Renewable sources of energy

Updated 25 February 2013
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Renewable sources of energy

This is regarding the front-page story, “KSA oil can fulfill energy needs for 80 more years” (Feb. 22). While the exact economic life of oil reserves in Saudi Arabia, or elsewhere, may be debatable as such estimates are a function of a wide and complex set of assumptions, one thing beyond dispute is that oil reserves, like the other fossil fuels, are nonrenewable stocks, which will eventually exhaust.
This makes it imperative on us (as individuals as well as society) to exercise utmost care in their consumption, and instead of feeling relaxed from such news, should utilize this period to switch to more renewable and sustainable sources of energy.
In particular, we must bear in mind the following: First, these reserves were formed through a unique epoch of history that spanned millions of years, and there is no evidence to suggest that once we deplete the existing stocks, we will have more of these. Second, the existing stocks of these resources are a national endowment. As such, they belong as much to our future generations as to us.
We, therefore, have no right to be extravagant in their use, and should strive to leave as much as possible of these for them also so that they will not blame us to have plundered on what belonged to them equally. Third, these reserves are also a natural endowment and one day we will all be held accountable on how we consumed these, as Allah Almighty says in the Holy Qur’an in Surah Al-Hakim (102/8), “Then, on that Day, you shall be asked about the delight (you indulged in, in this world.)” — M. Shahid Rahim, Riyadh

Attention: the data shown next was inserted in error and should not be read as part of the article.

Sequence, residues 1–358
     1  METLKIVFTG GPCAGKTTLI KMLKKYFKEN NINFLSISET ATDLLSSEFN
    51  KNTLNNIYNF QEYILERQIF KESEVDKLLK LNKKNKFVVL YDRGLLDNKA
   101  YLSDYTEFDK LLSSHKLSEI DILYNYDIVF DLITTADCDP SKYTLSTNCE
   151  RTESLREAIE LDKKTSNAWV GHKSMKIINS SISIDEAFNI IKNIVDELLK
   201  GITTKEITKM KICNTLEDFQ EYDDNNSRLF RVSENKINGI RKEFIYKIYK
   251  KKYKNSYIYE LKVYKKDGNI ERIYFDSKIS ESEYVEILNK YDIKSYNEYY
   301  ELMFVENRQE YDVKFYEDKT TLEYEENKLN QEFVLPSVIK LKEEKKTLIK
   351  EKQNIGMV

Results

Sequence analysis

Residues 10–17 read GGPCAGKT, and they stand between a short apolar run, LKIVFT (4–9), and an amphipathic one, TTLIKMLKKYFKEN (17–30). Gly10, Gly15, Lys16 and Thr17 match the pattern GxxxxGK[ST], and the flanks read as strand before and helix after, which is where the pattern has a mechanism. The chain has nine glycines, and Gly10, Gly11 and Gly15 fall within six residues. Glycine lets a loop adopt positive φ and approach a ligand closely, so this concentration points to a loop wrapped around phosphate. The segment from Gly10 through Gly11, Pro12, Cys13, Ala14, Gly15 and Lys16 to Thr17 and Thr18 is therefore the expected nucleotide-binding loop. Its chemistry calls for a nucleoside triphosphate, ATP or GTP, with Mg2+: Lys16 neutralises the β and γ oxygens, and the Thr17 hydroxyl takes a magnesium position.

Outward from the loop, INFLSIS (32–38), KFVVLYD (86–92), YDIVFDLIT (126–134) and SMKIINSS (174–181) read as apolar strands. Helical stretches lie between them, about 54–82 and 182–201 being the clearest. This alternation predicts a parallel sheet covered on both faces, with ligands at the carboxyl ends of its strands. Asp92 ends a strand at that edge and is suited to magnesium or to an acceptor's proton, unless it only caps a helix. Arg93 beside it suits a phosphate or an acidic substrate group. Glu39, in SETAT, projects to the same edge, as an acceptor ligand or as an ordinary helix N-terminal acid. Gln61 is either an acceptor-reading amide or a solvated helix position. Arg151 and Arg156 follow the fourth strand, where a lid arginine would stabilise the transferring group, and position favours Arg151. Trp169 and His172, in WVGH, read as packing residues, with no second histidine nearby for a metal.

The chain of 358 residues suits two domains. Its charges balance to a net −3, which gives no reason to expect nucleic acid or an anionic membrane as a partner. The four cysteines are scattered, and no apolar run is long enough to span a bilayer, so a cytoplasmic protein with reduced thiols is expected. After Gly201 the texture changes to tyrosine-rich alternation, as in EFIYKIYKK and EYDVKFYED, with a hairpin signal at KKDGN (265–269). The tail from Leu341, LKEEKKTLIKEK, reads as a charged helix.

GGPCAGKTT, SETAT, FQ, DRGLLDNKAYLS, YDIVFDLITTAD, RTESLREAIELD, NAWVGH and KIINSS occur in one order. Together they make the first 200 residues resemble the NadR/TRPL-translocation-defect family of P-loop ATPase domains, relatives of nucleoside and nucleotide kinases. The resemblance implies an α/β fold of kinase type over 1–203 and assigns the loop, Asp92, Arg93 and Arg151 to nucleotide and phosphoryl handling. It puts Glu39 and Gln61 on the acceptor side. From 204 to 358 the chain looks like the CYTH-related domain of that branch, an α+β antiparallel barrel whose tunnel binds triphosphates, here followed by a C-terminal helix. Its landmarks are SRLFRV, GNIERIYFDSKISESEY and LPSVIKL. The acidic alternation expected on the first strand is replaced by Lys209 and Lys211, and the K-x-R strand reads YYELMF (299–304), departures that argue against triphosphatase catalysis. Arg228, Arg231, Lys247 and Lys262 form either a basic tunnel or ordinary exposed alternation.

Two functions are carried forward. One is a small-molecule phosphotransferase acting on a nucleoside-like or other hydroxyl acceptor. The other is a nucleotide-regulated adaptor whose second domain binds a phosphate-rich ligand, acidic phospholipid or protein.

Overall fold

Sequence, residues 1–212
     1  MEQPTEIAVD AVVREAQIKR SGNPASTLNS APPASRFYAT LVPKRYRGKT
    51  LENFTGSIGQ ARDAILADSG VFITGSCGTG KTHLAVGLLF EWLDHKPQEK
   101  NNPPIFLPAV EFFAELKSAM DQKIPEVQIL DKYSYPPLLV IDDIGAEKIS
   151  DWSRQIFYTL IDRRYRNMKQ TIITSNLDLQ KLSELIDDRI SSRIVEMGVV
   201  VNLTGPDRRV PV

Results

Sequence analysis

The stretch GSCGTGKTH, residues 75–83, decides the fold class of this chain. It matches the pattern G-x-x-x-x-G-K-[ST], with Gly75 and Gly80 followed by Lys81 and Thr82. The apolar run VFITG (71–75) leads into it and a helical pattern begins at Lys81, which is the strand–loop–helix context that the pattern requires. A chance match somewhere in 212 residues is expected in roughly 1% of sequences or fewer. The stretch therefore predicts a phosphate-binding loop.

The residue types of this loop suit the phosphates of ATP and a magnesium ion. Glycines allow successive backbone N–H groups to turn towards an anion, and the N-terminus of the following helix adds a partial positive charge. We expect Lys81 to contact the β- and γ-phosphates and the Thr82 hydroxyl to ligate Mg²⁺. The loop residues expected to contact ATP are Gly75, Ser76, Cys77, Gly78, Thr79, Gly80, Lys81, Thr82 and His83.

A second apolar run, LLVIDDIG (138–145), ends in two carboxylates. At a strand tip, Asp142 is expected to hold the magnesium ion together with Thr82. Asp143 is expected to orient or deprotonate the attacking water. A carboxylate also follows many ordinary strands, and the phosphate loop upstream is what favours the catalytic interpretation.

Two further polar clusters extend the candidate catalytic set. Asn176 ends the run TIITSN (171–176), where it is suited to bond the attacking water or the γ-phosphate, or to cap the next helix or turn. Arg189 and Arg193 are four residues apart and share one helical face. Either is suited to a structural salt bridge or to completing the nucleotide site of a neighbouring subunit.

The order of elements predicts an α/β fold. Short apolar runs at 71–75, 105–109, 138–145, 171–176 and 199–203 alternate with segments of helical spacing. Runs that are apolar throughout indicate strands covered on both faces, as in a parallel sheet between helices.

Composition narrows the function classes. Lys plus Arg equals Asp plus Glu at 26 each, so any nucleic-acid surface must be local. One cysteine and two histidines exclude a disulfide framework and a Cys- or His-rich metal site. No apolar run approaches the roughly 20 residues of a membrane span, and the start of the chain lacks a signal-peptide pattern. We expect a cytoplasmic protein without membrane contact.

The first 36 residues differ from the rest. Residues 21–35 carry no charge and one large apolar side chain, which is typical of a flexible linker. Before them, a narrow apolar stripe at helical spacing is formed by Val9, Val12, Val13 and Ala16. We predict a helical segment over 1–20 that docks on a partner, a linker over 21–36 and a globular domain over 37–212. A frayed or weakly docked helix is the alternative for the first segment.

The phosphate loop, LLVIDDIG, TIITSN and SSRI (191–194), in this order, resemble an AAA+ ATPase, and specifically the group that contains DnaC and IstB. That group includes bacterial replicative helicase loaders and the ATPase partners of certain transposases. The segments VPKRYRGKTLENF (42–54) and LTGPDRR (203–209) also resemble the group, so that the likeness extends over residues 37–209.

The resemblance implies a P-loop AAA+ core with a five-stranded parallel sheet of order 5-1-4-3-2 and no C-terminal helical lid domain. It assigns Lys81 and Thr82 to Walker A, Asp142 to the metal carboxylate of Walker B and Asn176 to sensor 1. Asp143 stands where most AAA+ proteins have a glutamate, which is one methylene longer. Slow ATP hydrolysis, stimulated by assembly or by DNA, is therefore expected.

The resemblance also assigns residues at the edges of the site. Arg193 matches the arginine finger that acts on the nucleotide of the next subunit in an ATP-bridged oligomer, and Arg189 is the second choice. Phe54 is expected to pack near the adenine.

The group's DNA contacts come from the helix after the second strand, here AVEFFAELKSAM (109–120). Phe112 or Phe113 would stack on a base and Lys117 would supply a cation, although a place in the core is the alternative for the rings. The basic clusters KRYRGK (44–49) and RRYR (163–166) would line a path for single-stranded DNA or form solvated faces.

Cartoon in bad taste

Updated 07 August 2017
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Cartoon in bad taste

I wish to use my “right of reply” to complain about the unfortunate caricature that appeared on Aug. 5, 2017, in your well-known newspaper. The cartoon represents President Nicolas Maduro sitting on a military tank and a hand coming out of the tank’s cannon writing on a book titled “New Constitution.” Such a caricature is offensive to my country.
What the caricature seems to imply is that President Maduro wants to rewrite a new constitution with the power of arms. This is totally false. It is immoral to give your readers such a forged image of Venezuela and its constitutionally- and democratically-elected government.
The revision of our constitution, which is among the best in the world, is mainly to reinforce it and make it more adaptable to the new times. It is not an imposition of our president; it has been backed by more than 8 million Venezuelans and has the objective of re-establishing the peace process that has been trampled by a violent opposition backed by interested foreign countries that pretend to give orders to our sovereign populace.
I fail to understand why some international media report fake news about my country, with the purpose of undermining our sovereignty, and the people of Venezuela’s absolute right to decide, in a free and independent manner, how it wants to conduct its internal affairs.
I invite your newspaper to inform about our country with the truth and the same respect that we, in Venezuela, treat to our brothers of Saudi Arabia.

Joseba Achutegui
Ambassador of Venezuela
Riyadh
Saudi Arabia